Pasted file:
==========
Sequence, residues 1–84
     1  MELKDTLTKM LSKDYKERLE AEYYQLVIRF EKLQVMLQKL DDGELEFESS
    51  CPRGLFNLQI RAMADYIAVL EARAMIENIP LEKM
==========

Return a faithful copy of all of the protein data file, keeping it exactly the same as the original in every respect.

Sequence, residues 1–84
     1  MELKDTLTKM LSKDYKERLE AEYYQLVIRF EKLQVMLQKL DDGELEFESS
    51  CPRGLFNLQI RAMADYIAVL EARAMIENIP LEKM